Schools should do more to teach core "British values" in light of the furore over Celebrity Big Brother, Education Secretary Alan Johnson has said.
Alan Johnson wants teenagers to be taught about 'British values'
He said the "ignorance and bigotry" shown on the Channel 4 reality show must be tackled.
The treatment of Bollywood star Shilpa Shetty showed schools needed to foster good community relations, he added.
Jade Goody, who was evicted from the show by a public vote, has apologised for her behaviour.
In an interview with the News of the World, Ms Goody said that she did not think she was racist: "but I accept I made racist comments".
She also admitted that she bullied Ms Shetty.
Her fees for the programme and the newspaper interview are being donated to charity.
Meanwhile Chairman of the Commission for Equality and Human Rights, Trevor Phillips, said Channel 4 must admit it had "got it wrong".
He called for the station's board to censure Channel 4 chairman Luke Johnson.
"Luke Johnson and his executives spent the whole week saying 'oh no, it's nothing to do with racism'," he told the BBC's Sunday AM.
"The board has to make it clear that they got it wrong. They intervened too little and too late."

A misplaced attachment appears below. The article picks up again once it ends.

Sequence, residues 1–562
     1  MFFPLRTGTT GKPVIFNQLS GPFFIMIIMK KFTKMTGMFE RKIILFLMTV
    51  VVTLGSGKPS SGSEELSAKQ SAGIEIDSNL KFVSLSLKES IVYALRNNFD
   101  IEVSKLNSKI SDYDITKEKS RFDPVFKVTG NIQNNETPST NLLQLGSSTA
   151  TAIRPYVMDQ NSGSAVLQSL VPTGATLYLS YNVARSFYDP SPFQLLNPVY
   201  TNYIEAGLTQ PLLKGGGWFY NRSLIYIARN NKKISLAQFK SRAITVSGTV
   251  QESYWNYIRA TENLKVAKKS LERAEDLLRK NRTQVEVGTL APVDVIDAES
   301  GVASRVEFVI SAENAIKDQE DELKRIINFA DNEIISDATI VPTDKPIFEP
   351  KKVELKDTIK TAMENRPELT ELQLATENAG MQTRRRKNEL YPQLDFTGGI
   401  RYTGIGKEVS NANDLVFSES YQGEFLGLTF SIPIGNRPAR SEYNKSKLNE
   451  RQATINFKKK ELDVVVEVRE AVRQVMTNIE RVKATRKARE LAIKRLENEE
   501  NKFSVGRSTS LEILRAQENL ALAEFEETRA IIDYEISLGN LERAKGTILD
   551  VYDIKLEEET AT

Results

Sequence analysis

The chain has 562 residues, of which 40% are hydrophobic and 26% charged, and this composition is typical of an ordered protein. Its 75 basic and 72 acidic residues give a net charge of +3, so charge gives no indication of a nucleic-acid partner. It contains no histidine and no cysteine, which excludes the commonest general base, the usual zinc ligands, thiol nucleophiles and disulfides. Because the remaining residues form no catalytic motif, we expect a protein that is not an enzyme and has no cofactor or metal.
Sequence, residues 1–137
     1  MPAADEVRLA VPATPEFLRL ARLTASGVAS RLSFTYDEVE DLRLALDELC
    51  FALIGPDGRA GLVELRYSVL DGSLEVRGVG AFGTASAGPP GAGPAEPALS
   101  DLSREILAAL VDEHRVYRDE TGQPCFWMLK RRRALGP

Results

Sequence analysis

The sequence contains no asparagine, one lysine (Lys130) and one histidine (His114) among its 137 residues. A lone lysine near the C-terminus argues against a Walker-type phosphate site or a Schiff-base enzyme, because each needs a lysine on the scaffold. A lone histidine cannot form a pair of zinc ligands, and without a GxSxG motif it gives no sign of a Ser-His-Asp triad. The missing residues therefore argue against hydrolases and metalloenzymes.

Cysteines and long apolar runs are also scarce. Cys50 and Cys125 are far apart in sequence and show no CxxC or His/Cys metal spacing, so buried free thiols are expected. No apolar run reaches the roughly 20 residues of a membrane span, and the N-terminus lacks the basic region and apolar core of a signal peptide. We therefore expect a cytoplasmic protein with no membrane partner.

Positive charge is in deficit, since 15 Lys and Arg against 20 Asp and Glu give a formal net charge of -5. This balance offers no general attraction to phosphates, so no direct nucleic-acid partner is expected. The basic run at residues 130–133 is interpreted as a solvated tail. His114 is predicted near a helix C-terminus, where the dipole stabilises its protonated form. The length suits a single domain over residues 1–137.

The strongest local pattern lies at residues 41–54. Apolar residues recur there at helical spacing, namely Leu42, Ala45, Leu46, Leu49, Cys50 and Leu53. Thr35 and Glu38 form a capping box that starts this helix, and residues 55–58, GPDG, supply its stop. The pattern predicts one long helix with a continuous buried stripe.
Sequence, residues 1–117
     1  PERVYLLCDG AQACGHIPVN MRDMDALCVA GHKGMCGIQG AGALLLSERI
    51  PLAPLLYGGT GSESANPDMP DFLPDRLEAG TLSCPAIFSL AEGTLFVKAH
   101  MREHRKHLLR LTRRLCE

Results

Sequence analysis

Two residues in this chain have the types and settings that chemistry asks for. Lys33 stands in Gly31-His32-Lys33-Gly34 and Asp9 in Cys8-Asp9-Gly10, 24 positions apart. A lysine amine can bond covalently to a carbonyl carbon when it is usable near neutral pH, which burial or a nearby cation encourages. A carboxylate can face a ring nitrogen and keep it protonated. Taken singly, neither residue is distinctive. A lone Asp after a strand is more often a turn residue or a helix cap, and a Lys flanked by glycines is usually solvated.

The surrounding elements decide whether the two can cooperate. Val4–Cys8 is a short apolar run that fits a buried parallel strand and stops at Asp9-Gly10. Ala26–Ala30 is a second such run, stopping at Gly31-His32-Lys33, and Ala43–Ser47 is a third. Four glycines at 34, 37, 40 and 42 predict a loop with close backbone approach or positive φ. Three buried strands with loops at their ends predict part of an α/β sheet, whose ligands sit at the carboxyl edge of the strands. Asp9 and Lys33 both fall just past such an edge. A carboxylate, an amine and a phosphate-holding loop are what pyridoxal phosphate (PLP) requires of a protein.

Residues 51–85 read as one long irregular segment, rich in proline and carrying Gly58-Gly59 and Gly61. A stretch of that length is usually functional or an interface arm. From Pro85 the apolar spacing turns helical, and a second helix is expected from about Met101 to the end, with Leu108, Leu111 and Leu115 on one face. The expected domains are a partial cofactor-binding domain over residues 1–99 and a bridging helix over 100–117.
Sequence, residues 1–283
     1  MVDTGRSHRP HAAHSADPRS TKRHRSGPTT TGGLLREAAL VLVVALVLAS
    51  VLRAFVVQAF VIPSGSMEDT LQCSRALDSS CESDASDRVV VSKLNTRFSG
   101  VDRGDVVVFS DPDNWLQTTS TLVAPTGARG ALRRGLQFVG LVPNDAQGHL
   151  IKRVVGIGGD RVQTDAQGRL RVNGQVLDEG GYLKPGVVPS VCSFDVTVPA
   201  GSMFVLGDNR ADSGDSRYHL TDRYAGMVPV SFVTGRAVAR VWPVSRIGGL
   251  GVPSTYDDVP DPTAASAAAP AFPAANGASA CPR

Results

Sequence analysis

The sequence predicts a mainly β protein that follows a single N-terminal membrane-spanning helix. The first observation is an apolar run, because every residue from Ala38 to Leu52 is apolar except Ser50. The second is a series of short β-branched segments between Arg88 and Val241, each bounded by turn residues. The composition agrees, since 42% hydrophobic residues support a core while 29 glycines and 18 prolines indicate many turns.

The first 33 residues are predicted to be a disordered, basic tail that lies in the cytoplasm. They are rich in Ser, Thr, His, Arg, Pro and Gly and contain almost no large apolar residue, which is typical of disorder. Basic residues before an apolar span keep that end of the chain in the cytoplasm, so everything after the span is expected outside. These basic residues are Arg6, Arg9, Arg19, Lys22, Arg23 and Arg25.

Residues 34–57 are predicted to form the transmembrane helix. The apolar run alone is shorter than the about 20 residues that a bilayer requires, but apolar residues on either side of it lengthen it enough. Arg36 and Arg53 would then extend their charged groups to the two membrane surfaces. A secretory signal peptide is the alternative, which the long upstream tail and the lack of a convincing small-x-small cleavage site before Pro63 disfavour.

The education secretary said that he wanted the world to talk about "the respect and understanding we give all cultures".
Mr Johnson is the latest politician to comment after thousands of viewers complained about the alleged racist bullying of Ms Shetty by the other Celebrity Big Brother contestants.
The controversy over Ms Shetty's treatment escalated into an international incident last week, bringing condemnation from ministers and sparking the burning of effigies by angry crowds in India.
Mr Johnson said: "The current debate over Big Brother has highlighted the need to make sure our schools focus on the core British values of justice and tolerance.
"We want the world to be talking about the respect and understanding we give all cultures not the ignorance and bigotry shown on our TV screens."
But the Association of School and College Leaders said schools already did a lot to develop tolerance among young people.
Its general secretary, John Dunford, said: "Schools can hardly be blamed for one person's bigotry when the 82% who voted to eject Jade Goody are testament to the work already being done by schools to develop respect, understanding and tolerance."
Later this week a government-commissioned report into citizenship classes is expected to recommend a greater emphasis on the teaching of Britishness and the common values that bind communities together.
Mr Johnson says that, while children must be taught about British history, they should also have an understanding of cultural diversity.